Wildlife & Biodiversity

Freshwater crab species with striking colours found in Western Ghats

Citizen scientist with no experience make accidental discovery in Karnataka; collaborates with scientists to write paper  

 
By Himanshu Nitnaware
Published: Tuesday 30 August 2022
Ghatiana dvivarna is a freshwater crab with a white body and claws and ‘red-violet’ (purple) legs
Ghatiana dvivarna is a freshwater crab with a white body and claws and ‘red-violet’ (purple) legs Ghatiana dvivarna is a freshwater crab with a white body and claws and ‘red-violet’ (purple) legs

An distinctively coloured crab species has been discovered in the Western Ghats by a forest guard and a group of researchers. Interestingly, the guard who came across it first didn’t have any research or scientific writing experience.

The crab has been named Ghatiana dvivarna sp nov, said the paper published in international journal Nauplius by Brazilian Crustacean Society. The freshwater species was first spotted in Uttara Kannada district in Karnataka. 

The crab’s name is derived from the Sanskrit word ‘dvivarna’, which means bicolour, as the crustacean has a white body and claws and “red-violet” legs. 

The species was first sighted June 30, 2021, in Anshi wildlife range, Kali Tiger Reserve in Karnataka.


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“I was accompanying my friend Gopalkrishna Hegde when I came across the crab. It had peculiar characteristics, so I was sure I hadn’t come across it earlier,” said Parashuram Bajantri, a forest guard at the wildlife range. Hegde is a naturalist and an independent researcher.

Bajantri took a picture of the crustacean and shared it with Varad Giri, the head scientist at Reliance Foundation, a non-profit. “Giri checked the photos and said it was likely a new species,” he said, adding that the scientist told him the species needed to be explored scientifically.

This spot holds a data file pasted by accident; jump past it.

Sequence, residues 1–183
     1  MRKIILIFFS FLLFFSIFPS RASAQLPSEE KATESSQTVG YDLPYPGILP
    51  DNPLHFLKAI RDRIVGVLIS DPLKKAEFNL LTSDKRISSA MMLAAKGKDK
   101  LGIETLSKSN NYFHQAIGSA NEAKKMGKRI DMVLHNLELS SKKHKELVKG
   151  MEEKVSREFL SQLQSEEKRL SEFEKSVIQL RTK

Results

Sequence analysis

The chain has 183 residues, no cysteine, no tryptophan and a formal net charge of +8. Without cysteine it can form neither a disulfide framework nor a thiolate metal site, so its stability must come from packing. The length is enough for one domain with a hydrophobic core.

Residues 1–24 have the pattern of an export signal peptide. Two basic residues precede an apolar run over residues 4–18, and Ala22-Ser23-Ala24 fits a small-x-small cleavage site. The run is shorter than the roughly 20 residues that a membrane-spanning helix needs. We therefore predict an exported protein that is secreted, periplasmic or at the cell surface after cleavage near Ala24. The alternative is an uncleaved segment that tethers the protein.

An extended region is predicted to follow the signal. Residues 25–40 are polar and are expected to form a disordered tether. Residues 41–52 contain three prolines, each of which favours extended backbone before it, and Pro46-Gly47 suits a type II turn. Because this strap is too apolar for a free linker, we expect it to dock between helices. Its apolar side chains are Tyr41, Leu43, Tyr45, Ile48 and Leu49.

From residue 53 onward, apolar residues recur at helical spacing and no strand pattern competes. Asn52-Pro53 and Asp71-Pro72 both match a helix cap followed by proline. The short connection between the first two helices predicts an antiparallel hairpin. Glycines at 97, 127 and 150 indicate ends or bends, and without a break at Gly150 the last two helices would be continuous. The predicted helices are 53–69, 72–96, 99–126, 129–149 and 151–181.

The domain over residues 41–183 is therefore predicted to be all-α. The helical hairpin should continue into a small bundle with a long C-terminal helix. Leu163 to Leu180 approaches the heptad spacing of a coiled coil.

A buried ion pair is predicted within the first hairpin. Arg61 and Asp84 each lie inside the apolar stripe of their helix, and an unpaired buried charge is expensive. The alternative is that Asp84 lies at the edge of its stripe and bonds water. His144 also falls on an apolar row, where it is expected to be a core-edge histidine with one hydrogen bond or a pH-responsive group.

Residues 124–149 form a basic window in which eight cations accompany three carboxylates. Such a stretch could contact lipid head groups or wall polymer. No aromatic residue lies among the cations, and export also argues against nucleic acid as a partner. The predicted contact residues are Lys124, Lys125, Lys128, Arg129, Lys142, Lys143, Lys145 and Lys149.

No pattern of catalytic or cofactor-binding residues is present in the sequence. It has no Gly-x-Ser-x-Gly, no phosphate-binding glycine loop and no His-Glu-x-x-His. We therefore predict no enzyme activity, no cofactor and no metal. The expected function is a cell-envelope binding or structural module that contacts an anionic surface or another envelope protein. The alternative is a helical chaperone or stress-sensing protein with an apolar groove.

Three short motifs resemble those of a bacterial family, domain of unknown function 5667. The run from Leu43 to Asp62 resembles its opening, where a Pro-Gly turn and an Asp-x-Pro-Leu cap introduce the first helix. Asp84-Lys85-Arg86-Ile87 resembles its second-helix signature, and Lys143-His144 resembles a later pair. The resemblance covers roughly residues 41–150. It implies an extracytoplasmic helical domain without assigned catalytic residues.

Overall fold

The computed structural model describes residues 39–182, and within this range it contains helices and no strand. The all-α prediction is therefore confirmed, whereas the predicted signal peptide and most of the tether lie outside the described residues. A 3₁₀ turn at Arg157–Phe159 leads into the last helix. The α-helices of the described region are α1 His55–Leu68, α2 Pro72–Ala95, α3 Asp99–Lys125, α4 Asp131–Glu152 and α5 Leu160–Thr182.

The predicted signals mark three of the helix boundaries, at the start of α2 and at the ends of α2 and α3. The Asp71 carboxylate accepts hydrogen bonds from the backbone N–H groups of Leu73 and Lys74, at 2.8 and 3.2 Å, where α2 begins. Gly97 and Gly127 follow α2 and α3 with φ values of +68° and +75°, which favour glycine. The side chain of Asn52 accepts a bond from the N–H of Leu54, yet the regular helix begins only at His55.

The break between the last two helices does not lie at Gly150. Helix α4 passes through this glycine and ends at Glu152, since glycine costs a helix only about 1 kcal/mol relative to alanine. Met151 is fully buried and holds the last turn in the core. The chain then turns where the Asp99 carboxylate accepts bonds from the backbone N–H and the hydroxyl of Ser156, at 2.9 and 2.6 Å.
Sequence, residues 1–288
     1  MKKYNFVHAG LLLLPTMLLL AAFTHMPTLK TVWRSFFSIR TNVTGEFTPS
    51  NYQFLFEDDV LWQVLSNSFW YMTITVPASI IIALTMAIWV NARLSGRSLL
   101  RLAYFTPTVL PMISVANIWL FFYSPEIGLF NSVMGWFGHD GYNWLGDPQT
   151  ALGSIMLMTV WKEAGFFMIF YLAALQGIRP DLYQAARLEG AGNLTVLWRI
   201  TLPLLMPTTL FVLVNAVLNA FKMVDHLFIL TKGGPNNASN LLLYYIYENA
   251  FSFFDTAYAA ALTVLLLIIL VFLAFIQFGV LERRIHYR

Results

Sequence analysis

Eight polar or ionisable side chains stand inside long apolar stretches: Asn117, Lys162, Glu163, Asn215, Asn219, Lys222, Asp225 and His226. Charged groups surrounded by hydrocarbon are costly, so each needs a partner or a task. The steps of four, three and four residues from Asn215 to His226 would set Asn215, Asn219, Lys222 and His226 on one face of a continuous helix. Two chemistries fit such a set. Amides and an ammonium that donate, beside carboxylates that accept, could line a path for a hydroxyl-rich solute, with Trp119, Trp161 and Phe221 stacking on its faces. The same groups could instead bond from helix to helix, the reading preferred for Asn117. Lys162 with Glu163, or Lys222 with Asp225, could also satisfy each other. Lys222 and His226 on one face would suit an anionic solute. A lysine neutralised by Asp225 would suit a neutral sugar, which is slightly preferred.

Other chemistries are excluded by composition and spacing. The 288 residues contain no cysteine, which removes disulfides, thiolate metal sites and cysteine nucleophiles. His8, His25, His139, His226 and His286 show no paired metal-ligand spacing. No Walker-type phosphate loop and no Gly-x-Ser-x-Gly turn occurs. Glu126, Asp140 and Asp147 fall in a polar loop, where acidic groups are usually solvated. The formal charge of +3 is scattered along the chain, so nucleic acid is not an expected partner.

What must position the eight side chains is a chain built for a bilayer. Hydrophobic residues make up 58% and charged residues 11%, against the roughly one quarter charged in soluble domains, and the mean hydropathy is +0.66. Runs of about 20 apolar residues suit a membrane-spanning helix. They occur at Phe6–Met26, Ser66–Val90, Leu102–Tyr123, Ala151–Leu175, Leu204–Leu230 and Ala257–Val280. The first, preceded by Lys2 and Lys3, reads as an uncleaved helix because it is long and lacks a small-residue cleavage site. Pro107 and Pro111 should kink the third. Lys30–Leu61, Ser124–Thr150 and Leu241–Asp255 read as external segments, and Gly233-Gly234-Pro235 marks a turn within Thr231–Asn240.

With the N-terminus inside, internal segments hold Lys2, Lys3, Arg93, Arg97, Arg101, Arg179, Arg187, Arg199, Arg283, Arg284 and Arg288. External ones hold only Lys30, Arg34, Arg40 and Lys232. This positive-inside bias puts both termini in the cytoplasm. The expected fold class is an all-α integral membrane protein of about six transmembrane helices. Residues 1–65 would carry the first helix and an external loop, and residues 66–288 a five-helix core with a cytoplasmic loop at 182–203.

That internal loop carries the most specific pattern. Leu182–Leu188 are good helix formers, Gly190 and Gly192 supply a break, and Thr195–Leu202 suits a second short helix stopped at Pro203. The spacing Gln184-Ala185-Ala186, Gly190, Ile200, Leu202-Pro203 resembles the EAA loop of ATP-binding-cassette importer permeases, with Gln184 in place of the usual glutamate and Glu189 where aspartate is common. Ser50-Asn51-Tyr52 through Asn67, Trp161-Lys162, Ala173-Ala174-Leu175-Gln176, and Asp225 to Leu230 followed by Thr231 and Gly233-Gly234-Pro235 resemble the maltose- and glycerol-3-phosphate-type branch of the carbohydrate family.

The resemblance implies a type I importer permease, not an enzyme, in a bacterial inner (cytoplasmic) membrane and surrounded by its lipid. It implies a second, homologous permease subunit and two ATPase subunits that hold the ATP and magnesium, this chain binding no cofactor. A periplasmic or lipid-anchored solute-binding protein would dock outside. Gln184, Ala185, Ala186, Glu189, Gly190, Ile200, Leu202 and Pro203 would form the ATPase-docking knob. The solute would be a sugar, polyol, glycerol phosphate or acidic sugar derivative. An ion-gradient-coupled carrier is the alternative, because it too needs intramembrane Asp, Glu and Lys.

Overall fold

A year later, the paper was published August 2022, announcing the new species. 

Bajantri had no experience as a researcher or in scientific writing before this and came across the two-toned crustacean species by accident. “I was looking for a saw-scaled viper from the region,” he said. “Hegde suggested I check deeper forest areas near laterite rocks when I spotted the crab near a waterbody.”

The real challenge was in writing the paper, Bajantri added. “Giri helped me connect with researchers from non-profit Thackeray Wildlife Foundation. I spoke to zoologist Sameer Pati and environmentalist Tejas Thackeray who helped me write the paper,” he said. 

The forest guard learnt the research process and went back to the site to study the habitat, collect ecological data about its eating habits and reproduction cycle, and identify genders and other animal characteristics. The scientists then collaborated on the paper. 


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The forest guard is a classic example of a citizen scientist, Giri told Down To Earth. “The discovery shows that India’s biodiversity is yet to be explored and indicates many aspects of sciences that are significant,” he said. 

There are few human resources to study biodiversity in India; thus, citizen scientists are essential, Giri added. 

“Citizens can play a major role in filling the gap with their curiosity. Describing a species is not easy as it requires certain discipline and skills. But with some support, it can be done. Examples like Bajantri give confidence and encourage others to contribute to the science field,” he added. 

Discovering a new species adds to the importance of a geographic landscape, said Hegde. “The Western Ghats are known for endemic snakes, reptiles, insects, geckos, scorpions and other species. Finding the new crab species shows the increasing need to protect and conserve such unique habitats,” he added. 

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